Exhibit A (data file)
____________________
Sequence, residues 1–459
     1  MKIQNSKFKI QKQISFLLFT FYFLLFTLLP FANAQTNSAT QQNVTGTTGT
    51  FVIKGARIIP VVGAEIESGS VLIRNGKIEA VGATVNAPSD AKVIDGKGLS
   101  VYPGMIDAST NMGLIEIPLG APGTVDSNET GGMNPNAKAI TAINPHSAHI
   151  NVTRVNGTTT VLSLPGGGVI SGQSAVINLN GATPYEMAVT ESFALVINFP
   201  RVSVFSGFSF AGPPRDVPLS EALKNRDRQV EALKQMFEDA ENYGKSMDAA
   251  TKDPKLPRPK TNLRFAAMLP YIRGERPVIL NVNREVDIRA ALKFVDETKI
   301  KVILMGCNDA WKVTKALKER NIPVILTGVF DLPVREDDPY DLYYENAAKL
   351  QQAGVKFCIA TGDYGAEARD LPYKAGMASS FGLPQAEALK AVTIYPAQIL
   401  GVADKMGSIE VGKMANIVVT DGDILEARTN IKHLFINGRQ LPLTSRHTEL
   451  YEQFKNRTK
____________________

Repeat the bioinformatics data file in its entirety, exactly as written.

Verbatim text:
Sequence, residues 1–459
     1  MKIQNSKFKI QKQISFLLFT FYFLLFTLLP FANAQTNSAT QQNVTGTTGT
    51  FVIKGARIIP VVGAEIESGS VLIRNGKIEA VGATVNAPSD AKVIDGKGLS
   101  VYPGMIDAST NMGLIEIPLG APGTVDSNET GGMNPNAKAI TAINPHSAHI
   151  NVTRVNGTTT VLSLPGGGVI SGQSAVINLN GATPYEMAVT ESFALVINFP
   201  RVSVFSGFSF AGPPRDVPLS EALKNRDRQV EALKQMFEDA ENYGKSMDAA
   251  TKDPKLPRPK TNLRFAAMLP YIRGERPVIL NVNREVDIRA ALKFVDETKI
   301  KVILMGCNDA WKVTKALKER NIPVILTGVF DLPVREDDPY DLYYENAAKL
   351  QQAGVKFCIA TGDYGAEARD LPYKAGMASS FGLPQAEALK AVTIYPAQIL
   401  GVADKMGSIE VGKMANIVVT DGDILEARTN IKHLFINGRQ LPLTSRHTEL
   451  YEQFKNRTK